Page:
20. ^ Nedra Pickler (2007-03-22). "Edwards Presses on With 2008 Campaign". ap.org. Archived from the original on March 28, 2007. Retrieved 2007-03-22. 
  21. ^ See politico.com's explanation and retraction of their incorrect blog post which other media had cited in the hours leading up to the press conference. Ben Smith (2007-03-22). "How Politico Got It Wrong". politico.com. Retrieved 2007-03-23. 
  22. ^ Alec MacGillis and John Solomon (2007-05-11). "Edwards Says He Didn't Know About Subprime Push". Washington Post. Retrieved 2007-05-13. 
  23. ^ "Edwards Discusses Time at Hedge Fund". AP. 2007-05-08. Retrieved 2007-05-20. [dead link]
  24. ^ "Candidates’ assets, income on display". MSNBC. 2007-05-16m. Retrieved 2007-05-20. 
  25. ^ "Fortress Contributions to Edwards". Washington Post. Retrieved 2007-05-24. [dead link]
  26. ^ Michelle Nichols (2007-05-23). "Edwards slams war on terrorism as "bumper sticker"". Reuters. Retrieved 2007-06-14. 
  27. ^ Jeff Zeleny (September 2, 2007). "Clinton, Obama and Edwards Join Pledge to Avoid Defiant States". New York Times. Retrieved 2007-12-07. 
  28. ^ Iowa Democratic Party Caucus Results
  29. ^ "Edwards exits presidential race". CBS News. 2008-01-30. Retrieved 2008-01-30. 
  30. ^ Pitney, Nico (2008-02-13). "Edwards Endorsement For Obama: Speculation Grows". Huffington Post. 
  31. ^ a b "Obama and Edwards Sit Down in North Carolina". 
  32. ^ Robert Yoon and Sasha Johnson (2007-04-01). "Edwards campaign raises $14 million". CNN.com. Retrieved 2007-06-01. 
  33. ^ Mark Murray (2007-06-21). "Edwards' 2Q fundraising goal?". MSNBC.com. Retrieved 2007-07-09. 
  34. ^ Alexander Mooney (2007-06-25). "Edwards campaign claims Washington wants them to ‘go away’". CNN. Retrieved 2007-06-25.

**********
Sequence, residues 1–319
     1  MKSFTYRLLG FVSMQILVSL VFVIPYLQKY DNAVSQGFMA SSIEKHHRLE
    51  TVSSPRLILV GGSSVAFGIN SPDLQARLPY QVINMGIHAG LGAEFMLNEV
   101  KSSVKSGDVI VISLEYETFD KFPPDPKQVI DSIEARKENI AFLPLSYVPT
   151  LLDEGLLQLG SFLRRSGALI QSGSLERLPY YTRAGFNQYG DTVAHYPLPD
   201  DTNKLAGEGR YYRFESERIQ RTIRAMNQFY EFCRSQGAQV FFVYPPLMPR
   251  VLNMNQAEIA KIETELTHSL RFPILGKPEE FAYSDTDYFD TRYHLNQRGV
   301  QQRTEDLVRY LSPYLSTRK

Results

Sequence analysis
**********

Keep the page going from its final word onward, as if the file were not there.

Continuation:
35. ^ Raelyn Johnson (2007-07-01). "Edwards Pulls in $9 Million for Quarter". ABC. Retrieved 2007-07-09. 
  36. ^ "Edwards cites Dean campaign as example". The Boston Globe. AP. 2007-07-08. Retrieved 2007-07-09. 
  37. ^ "Edwards says he'll accept public financing". CNN. 2007-09-27. Retrieved 2007-09-27. 
  38. ^ edwards certification
  39. ^ Gearino, Dan (December 28, 2007). "New Lee poll: Edwards moves into 3-way tie". The Courier (Waterloo-Cedar Falls). 
  40. ^ Hook, Janet (December 28, 2007). "Obama catches Clinton in N.H.; Iowa remains a 3-way contest". The Los Angeles Times. 
  41. ^ "Clinton, Obama in Virtual Tie Among Democrats". Rasmussen FReports. 2007-01-17. Retrieved 2007-06-01. 
  42. ^ "ElectionCenter2008; Iowa Caucuses (Special Coverage) County Results". CNN. 2008-01-03. CNN. http://www.cnn.com/ELECTION/2008/primaries/results/county/#val=IADEM1.
  43. ^ "How do the Iowa Caucuses work?". 
  44. ^ "Mike Huckabee wins Iowa; Dems Clinton, Edwards, and Obama close". 
  45. ^ "Election Center 2008: Results for John Edwards". CNN. Retrieved 2010-05-06. 
  46. ^ "Election Center 2008 Results for Hillary Clinton". CNN. Retrieved 2010-05-06. 
  47. ^ "THE CNN / WMUR NH PRIMARY TRACKING POLL" (PDF). 
  48. ^ "CNN Political Ticker". 2008-01-20. Retrieved 2010-05-06. 
  49. ^ "The Swam[: Clinton Obama showed grit at SC Debate". 
  50. ^ "2008: Primary Results". CNN. Retrieved 2010-05-06. 
  51. ^ "John Edwards Results". CNN. Retrieved 2010-05-06. 
  52. ^ "Edwards endorsement pays off for Obama". The New York Times. [dead link]
  53. ^ "USW: Steelworkers endorse John Edwards". 
  54. ^ "Hillary Sneaks Away to Seek Edwards". Fox News. [dead link]
  55. ^ "Edwards to Endorse Obama". CNN. 2008-05-14. Retrieved 2010-05-06.